Skip to main content
  1. News
  2. Business & Finance
  3. Marketing & PR

The difference between a recourse vs. a non-recourse loan

See also

The jargon, the vocabulary and the different narratives with financial documents can be somewhat intimidating. The first baby steps before committing to any sort of loan it is essential to get familiarized as much as possible and seek out financial professional advice on your next investment. Learning what goes into a recourse vs. a non-recourse loan depends on several aspects and the state you live carries restrictions that vary.

When you apply or take out a loan a lender, bank or mortgage company has their own set of requirements or requisites to be eligible. In addition, each individual state has a different set of laws that come into play especially when recourse and non-recourse is concerned.

For example, Madison Group Funding – a commercial broker and consultant of loans-explains the importance of getting educated on the language around the types of loans and the obligations. You do not want to sign up for something after all of the documentation, conditions and consequences are carefully examined in the event of a possibly defaulting or failing to repay the debt, as outlined in their blog post.

Another term often used for loans is the usage of a secured and unsecured loan. The fundamental difference is for a secured loan the lender can come after you and sue you to recover the remaining amount. For an unsecured loan the borrower is not required to have any form collateral, so you will not lose your house if you cannot pay. The only drawback is an unsecured carries a higher interest rate, according to Tescobank.com.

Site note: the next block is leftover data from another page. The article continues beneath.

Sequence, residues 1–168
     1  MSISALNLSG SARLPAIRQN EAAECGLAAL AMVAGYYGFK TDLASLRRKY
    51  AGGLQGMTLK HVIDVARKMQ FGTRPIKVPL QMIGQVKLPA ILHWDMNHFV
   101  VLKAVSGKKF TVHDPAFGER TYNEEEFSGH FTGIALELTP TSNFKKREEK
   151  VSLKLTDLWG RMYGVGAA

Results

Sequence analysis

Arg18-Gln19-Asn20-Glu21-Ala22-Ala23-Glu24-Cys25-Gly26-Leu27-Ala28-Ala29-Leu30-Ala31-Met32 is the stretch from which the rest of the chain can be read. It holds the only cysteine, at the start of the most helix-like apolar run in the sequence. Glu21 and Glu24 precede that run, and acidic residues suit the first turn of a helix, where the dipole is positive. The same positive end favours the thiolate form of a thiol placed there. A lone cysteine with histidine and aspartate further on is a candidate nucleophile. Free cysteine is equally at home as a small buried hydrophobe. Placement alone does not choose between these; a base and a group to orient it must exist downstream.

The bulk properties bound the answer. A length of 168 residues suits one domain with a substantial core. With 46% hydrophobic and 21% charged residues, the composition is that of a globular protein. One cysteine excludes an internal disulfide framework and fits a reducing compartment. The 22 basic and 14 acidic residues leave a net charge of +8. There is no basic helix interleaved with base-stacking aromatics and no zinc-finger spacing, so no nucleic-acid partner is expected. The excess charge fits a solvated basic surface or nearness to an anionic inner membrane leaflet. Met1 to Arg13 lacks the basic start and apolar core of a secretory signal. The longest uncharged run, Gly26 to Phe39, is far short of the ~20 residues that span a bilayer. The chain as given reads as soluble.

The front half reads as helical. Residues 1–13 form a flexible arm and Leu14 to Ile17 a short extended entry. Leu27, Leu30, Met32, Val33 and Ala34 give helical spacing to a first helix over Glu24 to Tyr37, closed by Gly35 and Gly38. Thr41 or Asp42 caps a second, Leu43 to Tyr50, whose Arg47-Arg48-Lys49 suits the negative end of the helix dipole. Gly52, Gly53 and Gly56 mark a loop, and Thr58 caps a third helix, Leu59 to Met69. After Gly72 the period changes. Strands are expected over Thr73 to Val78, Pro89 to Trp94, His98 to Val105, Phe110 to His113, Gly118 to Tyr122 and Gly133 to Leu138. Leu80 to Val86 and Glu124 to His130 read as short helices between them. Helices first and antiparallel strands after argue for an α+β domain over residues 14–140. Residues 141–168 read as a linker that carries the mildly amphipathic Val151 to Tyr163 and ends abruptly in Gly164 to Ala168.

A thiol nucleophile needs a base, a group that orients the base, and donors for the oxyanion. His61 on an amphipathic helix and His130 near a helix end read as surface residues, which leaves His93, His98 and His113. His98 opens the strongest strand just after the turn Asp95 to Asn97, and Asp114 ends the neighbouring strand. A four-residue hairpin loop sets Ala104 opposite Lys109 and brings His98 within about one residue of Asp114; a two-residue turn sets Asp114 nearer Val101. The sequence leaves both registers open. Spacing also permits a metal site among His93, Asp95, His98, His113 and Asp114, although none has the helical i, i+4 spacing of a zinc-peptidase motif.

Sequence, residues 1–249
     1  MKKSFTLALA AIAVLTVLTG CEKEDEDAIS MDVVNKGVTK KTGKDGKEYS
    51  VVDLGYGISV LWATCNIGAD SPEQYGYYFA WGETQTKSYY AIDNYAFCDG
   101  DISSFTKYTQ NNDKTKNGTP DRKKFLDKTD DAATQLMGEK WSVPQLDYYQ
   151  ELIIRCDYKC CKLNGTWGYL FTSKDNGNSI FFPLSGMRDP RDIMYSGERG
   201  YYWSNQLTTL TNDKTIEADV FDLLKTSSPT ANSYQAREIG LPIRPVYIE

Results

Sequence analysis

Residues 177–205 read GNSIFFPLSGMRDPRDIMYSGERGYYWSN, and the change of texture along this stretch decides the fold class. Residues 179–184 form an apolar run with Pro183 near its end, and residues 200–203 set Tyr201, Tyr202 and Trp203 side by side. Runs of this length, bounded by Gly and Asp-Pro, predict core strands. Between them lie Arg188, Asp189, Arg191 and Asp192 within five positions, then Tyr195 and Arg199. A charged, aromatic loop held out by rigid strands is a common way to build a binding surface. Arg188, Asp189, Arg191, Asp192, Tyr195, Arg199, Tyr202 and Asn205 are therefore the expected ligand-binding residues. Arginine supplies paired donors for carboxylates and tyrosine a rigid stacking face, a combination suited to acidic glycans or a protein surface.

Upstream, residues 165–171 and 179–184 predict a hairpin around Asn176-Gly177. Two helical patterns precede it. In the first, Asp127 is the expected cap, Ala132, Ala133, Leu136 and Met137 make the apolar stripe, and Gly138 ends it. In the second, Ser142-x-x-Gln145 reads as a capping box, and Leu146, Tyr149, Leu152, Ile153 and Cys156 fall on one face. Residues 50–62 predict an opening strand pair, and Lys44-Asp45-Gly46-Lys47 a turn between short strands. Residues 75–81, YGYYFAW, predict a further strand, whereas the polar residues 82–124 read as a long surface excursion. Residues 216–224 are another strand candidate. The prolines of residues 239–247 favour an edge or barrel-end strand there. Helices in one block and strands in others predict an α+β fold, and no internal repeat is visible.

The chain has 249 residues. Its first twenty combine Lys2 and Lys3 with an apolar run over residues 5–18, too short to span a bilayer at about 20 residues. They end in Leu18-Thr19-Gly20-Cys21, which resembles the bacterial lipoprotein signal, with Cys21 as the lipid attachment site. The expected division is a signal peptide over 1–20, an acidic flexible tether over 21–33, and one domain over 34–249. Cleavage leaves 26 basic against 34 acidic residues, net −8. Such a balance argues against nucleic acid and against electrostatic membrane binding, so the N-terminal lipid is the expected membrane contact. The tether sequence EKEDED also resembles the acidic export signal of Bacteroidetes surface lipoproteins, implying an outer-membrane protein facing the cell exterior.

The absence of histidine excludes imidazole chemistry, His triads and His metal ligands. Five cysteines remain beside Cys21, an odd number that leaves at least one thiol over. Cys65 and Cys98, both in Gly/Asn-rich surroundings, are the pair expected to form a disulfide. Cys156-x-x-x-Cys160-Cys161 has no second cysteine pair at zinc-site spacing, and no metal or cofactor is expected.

An area to consider when eventually making a valuable commitment to a long term commercial mortgage loan is learning how the law affects it. Depending on the state that you live lenders cannot sue. In other words, in the event of being unable to repay states prohibit deficient judgments.

A deficiency judgment can be brought upon on an individual or a business, which is the difference between the amounts owed on a mortgage and the price of the house is sold in foreclosure, according to Alllaw.com. So if the loan is greater than the sold price of home or asset it means that remaining amount you have to pay back.

You visit the above link for more information for the states that have an anti-deficiency law present. This translates to a state that does not allow the lenders to sue borrowers for deficiencies. In today’s housing market potential home buyers are always looking to reduce the risks given the stagnating wages and employment conditions.

In any case, reviewing information along with reading the fine print is an excellent practice to put into action. Why? There is a lot of legal terminology and technical financial terms that are injected into these documents that often discourage buyers. This results in hiring or contacting a consulting firm that is able to offer sound financial advice, but results in more out of pocket expenses.

Try to get acquainted with the housing market, the agencies and the different lenders in your state. In addition, look at the differences between recourse vs. non-recourse requisites for each financial institution. Conduct research on the web to see what existing or potential clients have to say about the lenders. It will provide you with all the necessary tools to make good purchasing decision.

Advertisement